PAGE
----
Provided the RAIF satisfies the relevant risk diversification requirements it will enjoy the same tax treatment as either a SIF or a SICAR depending on the assets it holds. For example, generally a SIF-like RAIF will be tax exempt, save for an annual subscription tax of 0.01 per cent of its net assets (a “taxe d’abonnement”). Subject to that, a RAIF which is structured as a limited partnership (an SCS or an SCSp) should be treated as tax transparent for Luxembourg tax purposes. In addition, the Luxembourg VAT exemption on management services will apply in relation to a RAIF in the same way as it applies to SIFs and SICARs.
Comparison with unregulated Luxembourg fund structures
While Luxembourg’s funds industry historically focused on the regulated and supervised fund vehicles (such as SIFs), since the implementation of the AIFMD and the introduction of the modernised limited partnership regime into Luxembourg law in 2013, the use of limited partnerships (a common limited partnership or “SCS”, with legal personality and a special limited partnership or “SCSp”, without legal personality) as unregulated AIFs has become increasingly popular among the promoters targeting professional investors.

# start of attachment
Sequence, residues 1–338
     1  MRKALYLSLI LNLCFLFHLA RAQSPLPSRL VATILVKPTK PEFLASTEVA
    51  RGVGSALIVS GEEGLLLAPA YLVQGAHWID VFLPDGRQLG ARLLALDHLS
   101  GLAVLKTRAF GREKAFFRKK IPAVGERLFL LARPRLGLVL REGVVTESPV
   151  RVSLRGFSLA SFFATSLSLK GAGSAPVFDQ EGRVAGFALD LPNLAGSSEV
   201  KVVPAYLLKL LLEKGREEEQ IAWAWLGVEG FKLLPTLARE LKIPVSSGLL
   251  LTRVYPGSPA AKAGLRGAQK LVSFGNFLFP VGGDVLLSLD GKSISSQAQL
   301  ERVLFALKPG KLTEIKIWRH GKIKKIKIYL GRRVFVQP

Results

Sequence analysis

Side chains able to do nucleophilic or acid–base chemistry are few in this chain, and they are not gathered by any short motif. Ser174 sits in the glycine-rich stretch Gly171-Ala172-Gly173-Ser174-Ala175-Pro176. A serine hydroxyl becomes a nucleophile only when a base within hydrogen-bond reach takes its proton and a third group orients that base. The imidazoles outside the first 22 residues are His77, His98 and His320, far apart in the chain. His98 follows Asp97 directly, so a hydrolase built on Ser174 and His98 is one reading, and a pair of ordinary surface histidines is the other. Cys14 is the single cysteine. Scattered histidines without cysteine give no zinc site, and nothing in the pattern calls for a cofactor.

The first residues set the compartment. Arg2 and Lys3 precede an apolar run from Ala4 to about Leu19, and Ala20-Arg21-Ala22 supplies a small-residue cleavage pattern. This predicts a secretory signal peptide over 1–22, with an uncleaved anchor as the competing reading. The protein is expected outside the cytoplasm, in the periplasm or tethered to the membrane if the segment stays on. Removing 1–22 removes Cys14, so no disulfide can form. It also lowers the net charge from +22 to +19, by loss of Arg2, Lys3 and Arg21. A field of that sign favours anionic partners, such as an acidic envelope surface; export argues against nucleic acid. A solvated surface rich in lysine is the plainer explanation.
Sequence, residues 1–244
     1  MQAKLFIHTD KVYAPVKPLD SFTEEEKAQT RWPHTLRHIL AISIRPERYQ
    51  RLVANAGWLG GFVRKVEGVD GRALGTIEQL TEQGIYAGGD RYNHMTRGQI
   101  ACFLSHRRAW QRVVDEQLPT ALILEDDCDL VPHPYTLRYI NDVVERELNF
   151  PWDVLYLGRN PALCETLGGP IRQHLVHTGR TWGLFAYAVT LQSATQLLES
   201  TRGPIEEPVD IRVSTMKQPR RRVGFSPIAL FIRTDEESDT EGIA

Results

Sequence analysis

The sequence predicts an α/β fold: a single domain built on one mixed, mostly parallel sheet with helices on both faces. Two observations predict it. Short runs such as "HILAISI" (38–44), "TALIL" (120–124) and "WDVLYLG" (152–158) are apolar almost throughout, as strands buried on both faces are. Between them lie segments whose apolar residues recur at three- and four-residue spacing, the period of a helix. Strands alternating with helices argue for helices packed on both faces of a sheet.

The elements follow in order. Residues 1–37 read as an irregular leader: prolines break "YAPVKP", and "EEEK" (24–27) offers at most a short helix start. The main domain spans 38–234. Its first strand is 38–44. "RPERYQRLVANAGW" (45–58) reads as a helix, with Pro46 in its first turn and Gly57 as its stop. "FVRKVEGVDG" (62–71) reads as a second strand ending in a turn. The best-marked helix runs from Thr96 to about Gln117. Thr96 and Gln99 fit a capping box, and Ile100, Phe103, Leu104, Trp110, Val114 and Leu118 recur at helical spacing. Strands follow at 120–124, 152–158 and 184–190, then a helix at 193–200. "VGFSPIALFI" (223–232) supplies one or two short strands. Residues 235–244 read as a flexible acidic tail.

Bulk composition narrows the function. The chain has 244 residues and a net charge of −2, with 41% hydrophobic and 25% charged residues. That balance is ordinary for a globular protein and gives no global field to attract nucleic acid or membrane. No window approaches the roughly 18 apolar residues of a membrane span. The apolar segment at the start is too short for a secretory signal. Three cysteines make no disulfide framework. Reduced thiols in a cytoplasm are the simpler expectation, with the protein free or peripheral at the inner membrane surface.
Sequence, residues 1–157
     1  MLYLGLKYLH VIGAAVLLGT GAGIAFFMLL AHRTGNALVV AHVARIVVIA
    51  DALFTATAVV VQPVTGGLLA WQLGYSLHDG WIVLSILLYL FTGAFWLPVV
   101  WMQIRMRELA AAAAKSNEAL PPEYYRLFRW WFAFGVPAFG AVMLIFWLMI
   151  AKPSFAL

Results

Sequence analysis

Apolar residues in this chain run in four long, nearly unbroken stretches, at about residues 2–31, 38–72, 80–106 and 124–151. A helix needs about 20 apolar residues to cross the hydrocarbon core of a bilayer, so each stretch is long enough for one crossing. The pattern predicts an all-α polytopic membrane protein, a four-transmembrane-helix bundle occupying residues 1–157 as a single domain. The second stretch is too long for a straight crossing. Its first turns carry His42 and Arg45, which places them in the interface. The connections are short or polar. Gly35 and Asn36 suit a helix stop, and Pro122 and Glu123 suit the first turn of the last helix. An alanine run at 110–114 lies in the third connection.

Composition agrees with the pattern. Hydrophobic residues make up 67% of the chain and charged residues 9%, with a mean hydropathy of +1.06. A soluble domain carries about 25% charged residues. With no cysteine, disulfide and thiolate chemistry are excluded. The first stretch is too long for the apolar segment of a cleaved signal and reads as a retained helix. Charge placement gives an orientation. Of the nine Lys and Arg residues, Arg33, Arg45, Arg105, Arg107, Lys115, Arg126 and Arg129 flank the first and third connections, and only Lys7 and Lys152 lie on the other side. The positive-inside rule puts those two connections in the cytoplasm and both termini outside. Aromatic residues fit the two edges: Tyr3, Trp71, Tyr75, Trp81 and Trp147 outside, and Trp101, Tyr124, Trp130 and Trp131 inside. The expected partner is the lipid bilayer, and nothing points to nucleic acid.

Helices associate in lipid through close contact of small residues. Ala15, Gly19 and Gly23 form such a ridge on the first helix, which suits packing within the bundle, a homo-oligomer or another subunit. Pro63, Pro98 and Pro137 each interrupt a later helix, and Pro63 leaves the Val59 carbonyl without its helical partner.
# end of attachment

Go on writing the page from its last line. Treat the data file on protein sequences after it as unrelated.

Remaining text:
The unregulated AIFs remain a structuring option for promoters. In addition, if desired, unregulated AIFs with a fully authorised external AIFM may upscale to a RAIF at any time during their lives. Below we compare and contrast the two regimes.
A RAIF must appoint an external authorised AIFM and will therefore be fully subject to the AIFMD, hence always benefiting from the EU marketing passport.
Unregulated AIFs may also appoint an authorised AIFM and benefit from the EU marketing passport. However, they are not obliged to do so and may still benefit from the sub-threshold AIFMD regime, be internally managed or appoint a registered AIFM (as opposed to an authorised AIFM).
Regulation by law
Unregulated AIFs are governed by the provisions applicable to the chosen legal form under the Luxembourg 1915 Commercial Companies Law1 and by the AIFMD (full scope or sub-threshold) but otherwise will enjoy full contractual freedom.